Members of the Women’s Army Corps’s 6888th Central Postal Directory Battalion in England helped streamline the mail system in Europe, greatly improving soldiers’ morale. (National Archives)
Designed as the exhibit’s centerpiece, an eight-minute movie tells the story of the 332nd Fighter Group, better known as the Tuskegee Airmen.
As the film points out, they put a human face on the brave actions of the African Americans who served in the highly decorated unit.
In the film, one of the group’s officers, Lt. Col. William Holloman III, spoke of the counsel given by his superior, Col. Benjamin O. Davis, Jr.
“He said, ‘America’s watching you.’ He instilled in us a pride that I don’t think was there before we went in the service,” Holloman said.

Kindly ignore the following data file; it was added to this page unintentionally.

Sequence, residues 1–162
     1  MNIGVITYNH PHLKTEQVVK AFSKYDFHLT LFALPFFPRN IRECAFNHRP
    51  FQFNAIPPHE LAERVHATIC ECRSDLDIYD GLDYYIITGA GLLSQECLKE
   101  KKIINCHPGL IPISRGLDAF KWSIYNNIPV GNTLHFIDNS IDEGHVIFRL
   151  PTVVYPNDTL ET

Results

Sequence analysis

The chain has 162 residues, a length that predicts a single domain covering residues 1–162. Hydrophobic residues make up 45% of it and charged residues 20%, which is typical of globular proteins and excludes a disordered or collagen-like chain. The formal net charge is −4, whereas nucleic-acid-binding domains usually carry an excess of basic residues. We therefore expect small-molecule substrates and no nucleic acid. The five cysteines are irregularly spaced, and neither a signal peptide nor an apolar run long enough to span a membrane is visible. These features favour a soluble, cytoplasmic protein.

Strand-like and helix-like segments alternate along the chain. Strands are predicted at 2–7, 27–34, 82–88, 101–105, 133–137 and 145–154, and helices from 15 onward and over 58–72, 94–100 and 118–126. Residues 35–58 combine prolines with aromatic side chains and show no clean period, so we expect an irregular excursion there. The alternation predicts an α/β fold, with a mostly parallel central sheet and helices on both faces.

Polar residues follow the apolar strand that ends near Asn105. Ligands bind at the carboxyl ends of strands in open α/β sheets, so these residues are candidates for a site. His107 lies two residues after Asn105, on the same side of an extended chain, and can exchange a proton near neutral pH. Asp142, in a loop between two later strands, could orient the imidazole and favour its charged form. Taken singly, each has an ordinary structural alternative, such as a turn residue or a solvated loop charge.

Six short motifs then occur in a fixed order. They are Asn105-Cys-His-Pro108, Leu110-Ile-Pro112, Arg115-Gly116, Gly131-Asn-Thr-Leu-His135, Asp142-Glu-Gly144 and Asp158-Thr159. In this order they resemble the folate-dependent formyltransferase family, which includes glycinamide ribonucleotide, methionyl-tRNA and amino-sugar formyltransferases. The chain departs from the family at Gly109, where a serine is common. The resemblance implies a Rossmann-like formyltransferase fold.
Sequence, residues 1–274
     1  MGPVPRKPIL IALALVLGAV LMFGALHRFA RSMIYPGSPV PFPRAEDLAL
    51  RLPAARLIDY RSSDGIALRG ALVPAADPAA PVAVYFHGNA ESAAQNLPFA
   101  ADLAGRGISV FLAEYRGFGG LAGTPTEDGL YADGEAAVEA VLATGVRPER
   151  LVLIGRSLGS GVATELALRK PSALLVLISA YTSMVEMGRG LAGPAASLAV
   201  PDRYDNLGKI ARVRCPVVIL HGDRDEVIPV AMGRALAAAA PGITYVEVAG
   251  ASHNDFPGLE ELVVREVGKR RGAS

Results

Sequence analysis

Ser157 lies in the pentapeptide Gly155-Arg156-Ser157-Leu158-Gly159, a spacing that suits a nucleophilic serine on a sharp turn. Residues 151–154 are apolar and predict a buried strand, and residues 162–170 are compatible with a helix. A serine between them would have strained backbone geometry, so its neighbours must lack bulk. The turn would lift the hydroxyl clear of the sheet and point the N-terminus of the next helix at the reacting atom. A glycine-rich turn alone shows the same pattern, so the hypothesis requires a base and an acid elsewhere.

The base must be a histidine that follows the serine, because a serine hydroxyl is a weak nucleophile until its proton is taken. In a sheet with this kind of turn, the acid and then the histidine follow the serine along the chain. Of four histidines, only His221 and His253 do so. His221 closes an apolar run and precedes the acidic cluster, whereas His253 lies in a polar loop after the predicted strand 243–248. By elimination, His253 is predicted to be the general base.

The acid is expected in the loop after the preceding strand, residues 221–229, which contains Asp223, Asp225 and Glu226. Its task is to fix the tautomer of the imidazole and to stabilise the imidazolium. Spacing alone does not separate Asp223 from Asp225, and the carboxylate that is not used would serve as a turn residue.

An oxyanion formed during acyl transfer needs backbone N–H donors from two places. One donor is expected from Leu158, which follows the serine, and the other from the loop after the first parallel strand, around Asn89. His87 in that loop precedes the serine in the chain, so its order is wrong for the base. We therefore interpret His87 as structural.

Robin Roberts of ABC’s “Good Morning, America” narrated the film. Her father, Col. Lawrence Roberts, served in the 332nd as one of America’s first black fighter pilots.
Besides the ordinary people who struggled to overcome injustice, the exhibit also recognizes some famous African Americans who served during World War II, including entertainer Sammy Davis Jr. (Army), author Alex Haley (Coast Guard) and civil rights activist Medgar Evers (Army).
The exhibit concludes with an overview of how wartime service helped bring about social change in the years that followed.
“Fighting for the Right to Fight” will continue through May 30, Memorial Day - at the New Orleans museum. It will then begin a two-year tour around the country.